An assortment of musical groups were represented at the Musical Moods concert held Friday, Feb. 15 at East Grand Rapids High School Performing Arts Center. The concert included instrumental and choral ensembles as well as student soloists.
Before they performed, Grand Rapids Community College students Connor Sanford, 22, of Grand Rapids, and Abby Johnson, 22, of Wayland, both exhibited a confidence in their group’s ability.
“I’m feeling good about the performance,” Sanford said. “And everyone here has worked hard and it’s gonna be a great concert. It always is a good concert.”
This was Johnson’s first performance back with the group, she had taken a semester off from the upper choir and was excited to reinitiate herself into the group.
“I feel fine, I’ve been in choir since fifth grade so being on a stage is kinda normal in a group, so it’s nice. It’s nice to be back,” she said.
Grace Brunink, 18, of Byron Center, is also no stranger to performing on stage. Brunink, a nursing student at GRCC, had been in band and choir for about eight years before beginning college. She spends about 10 to 11-hour days at school, balancing choir and nursing classes.
“Overall they make it kinda easy to balance classes,” Brunink said. “In the nature of community colleges they are very flexible and that’s really nice in that I can choose to have a choir class and attend all the classes that I need to for a seperate major.”
While some students face the challenge of balancing their career goals with their love of music, others have decided to incorporate the two together. Shelby Bowmen, 18, of Mattawan, Michigan, has decided on a career in teaching and hopes to become a choir director at a high school. She told The Collegiate what inspired her to pursue this career.
“Seeing how people act in the music building,” Bowmen said. “Just the energy there, Dr. (Stephen) Barton especially and Emilio (Rodriguez), I saw something there that I wanted for myself. I’ve been singing my whole life, and I never really thought that I would be a music major. But now that I’ve made that decision, I have realized that it is the best decision I’ve ever made because I have met so many amazing people that I know will be in my life forever, and I’ve never experienced that before.”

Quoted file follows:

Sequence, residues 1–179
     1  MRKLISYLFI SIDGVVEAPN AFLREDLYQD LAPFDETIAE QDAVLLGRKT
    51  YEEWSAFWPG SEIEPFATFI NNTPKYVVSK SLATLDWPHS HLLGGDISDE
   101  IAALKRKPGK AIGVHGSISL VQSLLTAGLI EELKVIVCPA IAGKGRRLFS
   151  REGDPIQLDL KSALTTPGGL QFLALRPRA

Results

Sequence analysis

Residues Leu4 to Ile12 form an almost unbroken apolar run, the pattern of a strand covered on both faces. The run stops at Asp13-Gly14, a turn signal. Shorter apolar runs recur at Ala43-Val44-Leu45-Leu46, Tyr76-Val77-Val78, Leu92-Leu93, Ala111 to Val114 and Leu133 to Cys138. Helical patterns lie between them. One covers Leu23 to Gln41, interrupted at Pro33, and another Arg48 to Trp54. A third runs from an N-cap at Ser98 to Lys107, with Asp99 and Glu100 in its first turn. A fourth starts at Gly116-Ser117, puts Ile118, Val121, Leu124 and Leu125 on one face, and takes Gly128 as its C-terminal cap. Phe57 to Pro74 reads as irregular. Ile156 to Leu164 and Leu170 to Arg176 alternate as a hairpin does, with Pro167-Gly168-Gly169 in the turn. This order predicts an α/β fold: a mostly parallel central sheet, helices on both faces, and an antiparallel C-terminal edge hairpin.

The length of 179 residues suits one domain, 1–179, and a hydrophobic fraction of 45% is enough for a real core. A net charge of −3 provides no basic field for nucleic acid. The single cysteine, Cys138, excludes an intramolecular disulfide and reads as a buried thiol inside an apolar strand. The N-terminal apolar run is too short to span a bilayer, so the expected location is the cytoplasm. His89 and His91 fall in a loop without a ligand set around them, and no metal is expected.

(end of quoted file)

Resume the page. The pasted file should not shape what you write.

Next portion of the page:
Bowmen also spoke about what music is to her and her fellow musicians.
“Being a music major is more than just about growing musically, it’s about growing as a person,” Bowmen said. “Because for singers especially, that’s a part of us and it’s who we are and it’s really vulnerable to sing in front of a bunch of people.”
During intermission, audience members expressed their thoughts on the performance. Many in the audience laughed and cried. Some even danced, including a little girl who shimmied her way back to her seat during one of the performances.
“I think it’s amazing to see the young people sing, there are a couple parts that brought me to tears,” said Terra Pancrits, 50, of Wyoming. “It’s lovely to see all the different talents, and I was quite impressed watching the footwork on these drums. I am really enjoying it.”
Ryan Rittersdorf, 21, of Sparta, was transported back to his band days and said he was astounded by the performances, specifically the guitar ensemble.